When redshirt senior Joseph Meade signed his letter of intent to run for Texas State’s cross country team, he didn’t expect to leave so much behind with each step forward.
Joseph Meade, business management senior and Round Rock native, said his rise as a runner came as a surprise as he never expected to compete at the collegiate level.
“My junior year was when I really fell in love with the sport,” Meade said. “My senior year was the year I really kind of exploded and came up, I got a few phone calls and yeah, it was pretty cool. “Running means everything to me, it’s pretty crazy, running I think has shaped me in a lot of aspects. It’s (going to) be hard when my final day in college comes.”
Since joining Texas State’s program, Meade said he’s taken on a leadership role to further what he believes the values of Texas State athletes should be.
“Leadership, that’s the biggest thing I’ve taken away,” Meade said. “Coming in I was more of a quiet, under-spoken guy, and I just tried rising up and setting my values on the table to what I think Texas State should represent.”
Meade named Coach Alex Muntefering as his greatest role model. He mentioned how his mentorship helped shape him into the leader he is today.
“Coach Monty has been one of my biggest role models since I’ve been here,” Meade said. “He’s shown me a great path: not just how to be a better runner but how to be a better leader. He’s definitely helped me grow and I wouldn’t be where I am in running and life without him.”
Muntefering said Meade is a positive leader for the team and believes his presence will be felt even after he is gone.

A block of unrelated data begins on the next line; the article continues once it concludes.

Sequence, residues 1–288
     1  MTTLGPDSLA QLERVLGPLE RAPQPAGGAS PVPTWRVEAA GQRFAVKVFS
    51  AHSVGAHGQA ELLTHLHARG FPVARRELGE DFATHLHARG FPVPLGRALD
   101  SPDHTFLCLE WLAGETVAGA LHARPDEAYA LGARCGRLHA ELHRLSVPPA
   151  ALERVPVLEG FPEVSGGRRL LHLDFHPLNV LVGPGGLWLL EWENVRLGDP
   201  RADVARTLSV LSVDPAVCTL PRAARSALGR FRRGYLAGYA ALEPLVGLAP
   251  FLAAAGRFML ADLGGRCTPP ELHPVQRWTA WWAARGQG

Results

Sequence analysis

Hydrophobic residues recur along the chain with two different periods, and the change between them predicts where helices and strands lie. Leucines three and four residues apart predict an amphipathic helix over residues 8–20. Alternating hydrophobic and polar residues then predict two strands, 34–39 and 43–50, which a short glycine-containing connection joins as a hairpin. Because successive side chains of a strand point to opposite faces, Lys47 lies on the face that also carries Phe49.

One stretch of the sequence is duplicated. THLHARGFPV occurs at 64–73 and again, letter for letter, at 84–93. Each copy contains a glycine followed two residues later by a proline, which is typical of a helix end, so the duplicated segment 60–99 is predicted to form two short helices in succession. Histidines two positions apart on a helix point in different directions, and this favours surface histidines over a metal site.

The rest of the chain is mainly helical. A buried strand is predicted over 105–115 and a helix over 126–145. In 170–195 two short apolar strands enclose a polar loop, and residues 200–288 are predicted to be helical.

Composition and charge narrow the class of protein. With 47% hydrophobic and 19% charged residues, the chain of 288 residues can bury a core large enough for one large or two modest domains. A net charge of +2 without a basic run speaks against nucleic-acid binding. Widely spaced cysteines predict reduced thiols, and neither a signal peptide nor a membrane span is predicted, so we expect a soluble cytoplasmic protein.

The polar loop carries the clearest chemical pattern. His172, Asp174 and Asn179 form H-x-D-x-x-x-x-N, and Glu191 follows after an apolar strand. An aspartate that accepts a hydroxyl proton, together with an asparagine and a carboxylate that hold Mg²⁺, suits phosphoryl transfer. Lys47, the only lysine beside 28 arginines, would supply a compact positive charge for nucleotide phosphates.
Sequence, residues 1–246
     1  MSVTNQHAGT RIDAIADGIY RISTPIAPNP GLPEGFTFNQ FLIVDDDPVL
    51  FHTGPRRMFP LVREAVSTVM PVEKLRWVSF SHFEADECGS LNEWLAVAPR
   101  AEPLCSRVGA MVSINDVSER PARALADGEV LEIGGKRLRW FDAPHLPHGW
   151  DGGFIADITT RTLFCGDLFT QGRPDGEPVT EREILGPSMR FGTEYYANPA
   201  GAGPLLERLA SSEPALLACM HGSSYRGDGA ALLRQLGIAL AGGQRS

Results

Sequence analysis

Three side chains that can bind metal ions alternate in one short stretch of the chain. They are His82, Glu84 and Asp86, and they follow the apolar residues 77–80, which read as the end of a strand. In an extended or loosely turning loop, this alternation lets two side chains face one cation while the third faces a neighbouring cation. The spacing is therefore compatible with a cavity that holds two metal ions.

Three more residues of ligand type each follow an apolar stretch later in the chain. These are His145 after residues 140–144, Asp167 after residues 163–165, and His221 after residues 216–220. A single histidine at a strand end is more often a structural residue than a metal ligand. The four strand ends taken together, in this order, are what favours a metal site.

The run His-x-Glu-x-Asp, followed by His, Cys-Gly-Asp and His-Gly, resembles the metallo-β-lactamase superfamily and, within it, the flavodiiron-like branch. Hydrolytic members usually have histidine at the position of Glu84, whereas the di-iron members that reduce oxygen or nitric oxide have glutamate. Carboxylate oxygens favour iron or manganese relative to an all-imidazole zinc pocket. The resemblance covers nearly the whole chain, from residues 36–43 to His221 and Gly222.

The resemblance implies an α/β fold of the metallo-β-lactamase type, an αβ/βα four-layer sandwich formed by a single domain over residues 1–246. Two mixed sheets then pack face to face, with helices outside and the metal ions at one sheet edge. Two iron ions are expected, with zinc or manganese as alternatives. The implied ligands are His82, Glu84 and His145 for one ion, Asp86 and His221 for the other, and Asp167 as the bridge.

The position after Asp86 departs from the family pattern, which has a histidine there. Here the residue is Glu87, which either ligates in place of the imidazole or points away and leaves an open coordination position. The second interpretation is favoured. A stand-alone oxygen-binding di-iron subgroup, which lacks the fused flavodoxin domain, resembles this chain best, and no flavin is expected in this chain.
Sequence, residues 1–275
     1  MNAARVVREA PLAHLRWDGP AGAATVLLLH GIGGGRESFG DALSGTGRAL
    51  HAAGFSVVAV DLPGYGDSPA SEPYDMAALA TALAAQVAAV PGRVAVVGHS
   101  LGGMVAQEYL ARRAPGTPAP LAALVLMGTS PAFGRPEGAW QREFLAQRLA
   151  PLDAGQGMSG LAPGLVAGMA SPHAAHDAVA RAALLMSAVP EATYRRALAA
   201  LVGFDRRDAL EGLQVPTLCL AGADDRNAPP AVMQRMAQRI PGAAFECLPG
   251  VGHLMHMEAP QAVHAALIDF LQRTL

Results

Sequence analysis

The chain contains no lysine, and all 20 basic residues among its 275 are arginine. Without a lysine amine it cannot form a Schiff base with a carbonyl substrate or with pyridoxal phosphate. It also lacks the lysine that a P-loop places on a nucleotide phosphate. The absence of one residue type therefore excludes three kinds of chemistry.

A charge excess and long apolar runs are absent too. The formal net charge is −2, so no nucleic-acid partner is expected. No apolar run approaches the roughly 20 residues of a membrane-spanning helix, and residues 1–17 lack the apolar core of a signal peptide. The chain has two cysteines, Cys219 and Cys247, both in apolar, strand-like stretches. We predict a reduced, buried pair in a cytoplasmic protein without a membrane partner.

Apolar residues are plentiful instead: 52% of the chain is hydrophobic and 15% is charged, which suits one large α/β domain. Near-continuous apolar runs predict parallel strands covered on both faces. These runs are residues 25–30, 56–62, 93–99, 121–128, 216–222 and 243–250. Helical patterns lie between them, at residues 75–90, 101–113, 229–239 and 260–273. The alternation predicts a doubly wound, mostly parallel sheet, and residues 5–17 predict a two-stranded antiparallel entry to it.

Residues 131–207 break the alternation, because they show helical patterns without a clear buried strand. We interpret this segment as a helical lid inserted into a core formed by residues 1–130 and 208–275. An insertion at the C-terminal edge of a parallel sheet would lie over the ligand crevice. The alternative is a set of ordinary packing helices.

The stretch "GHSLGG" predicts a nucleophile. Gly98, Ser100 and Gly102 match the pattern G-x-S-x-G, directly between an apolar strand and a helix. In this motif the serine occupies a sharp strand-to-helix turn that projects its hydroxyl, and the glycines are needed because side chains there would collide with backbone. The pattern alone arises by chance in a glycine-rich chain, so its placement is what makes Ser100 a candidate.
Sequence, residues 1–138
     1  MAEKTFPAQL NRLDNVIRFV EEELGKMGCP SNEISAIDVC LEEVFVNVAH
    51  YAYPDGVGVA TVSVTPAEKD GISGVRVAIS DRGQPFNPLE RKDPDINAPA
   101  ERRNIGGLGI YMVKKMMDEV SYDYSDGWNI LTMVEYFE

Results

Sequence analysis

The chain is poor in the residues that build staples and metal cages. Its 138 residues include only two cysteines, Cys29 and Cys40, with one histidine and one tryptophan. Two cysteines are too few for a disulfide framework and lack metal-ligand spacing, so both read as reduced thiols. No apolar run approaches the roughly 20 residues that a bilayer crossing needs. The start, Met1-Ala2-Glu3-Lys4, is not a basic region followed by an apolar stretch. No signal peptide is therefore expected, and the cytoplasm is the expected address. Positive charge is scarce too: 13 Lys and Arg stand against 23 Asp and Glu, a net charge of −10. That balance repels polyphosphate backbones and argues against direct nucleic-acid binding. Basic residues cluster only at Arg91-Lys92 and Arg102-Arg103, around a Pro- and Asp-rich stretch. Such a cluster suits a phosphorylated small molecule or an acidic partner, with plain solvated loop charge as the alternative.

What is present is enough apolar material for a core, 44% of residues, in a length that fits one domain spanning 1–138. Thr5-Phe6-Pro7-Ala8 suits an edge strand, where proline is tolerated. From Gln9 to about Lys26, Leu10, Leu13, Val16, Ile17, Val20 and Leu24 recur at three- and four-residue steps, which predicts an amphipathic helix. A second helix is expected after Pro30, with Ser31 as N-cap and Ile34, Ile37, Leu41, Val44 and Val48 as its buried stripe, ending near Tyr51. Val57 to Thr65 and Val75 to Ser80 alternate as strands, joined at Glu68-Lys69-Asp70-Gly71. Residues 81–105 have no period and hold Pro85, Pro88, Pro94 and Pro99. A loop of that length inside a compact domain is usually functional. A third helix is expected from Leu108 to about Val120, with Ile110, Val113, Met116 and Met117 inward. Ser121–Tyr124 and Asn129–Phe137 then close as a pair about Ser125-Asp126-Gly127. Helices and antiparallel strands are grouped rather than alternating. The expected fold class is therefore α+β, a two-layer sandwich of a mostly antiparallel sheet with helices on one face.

“I think he’s done a great job of leading us on and off the track over the last few years and I think that’s going to have a profound impact for the program going forward as these younger guys continue to build the program after Joseph graduates this year,” said Muntefering. “I think even after he’s gone we’ll still feel the effects he’s had on the program.”
The runner has high expectations for the next two meets before conference play begins. Meade will compete Sept. 22 in the Chile Pepper Festival in Fayetteville, Ark. and Oct. 13 in the Arturo Barrios Invitational in College Station.
“I think I have a lot to prove this week, I think the first week was a nice little opener, but I still haven’t let everything out of the cage yet,” Meade said. “I definitely think that this conference is (going to be shocked) in the next few races.”
To close out his collegiate career, Meade said he plans on qualifying for nationals, something he came close to achieving last year.
“I want to be a national qualifier, that’s my goal,” Meade said. “I also want to be a conference champion or help win the team title. Being a national qualifier is what I’ve worked for and every year I’ve come closer and closer. Last year, I barely missed out, but this year, it’s my ultimate goal.”
The runner said he was proud to be named as the Sun Belt Men’s Cross Country Runner of the Week. It’s his second time to receive the distinction.
“It’s definitely not an easy thing to get,” Meade said. “It just goes to show that our conference knows that I’m working hard, and they respect me.”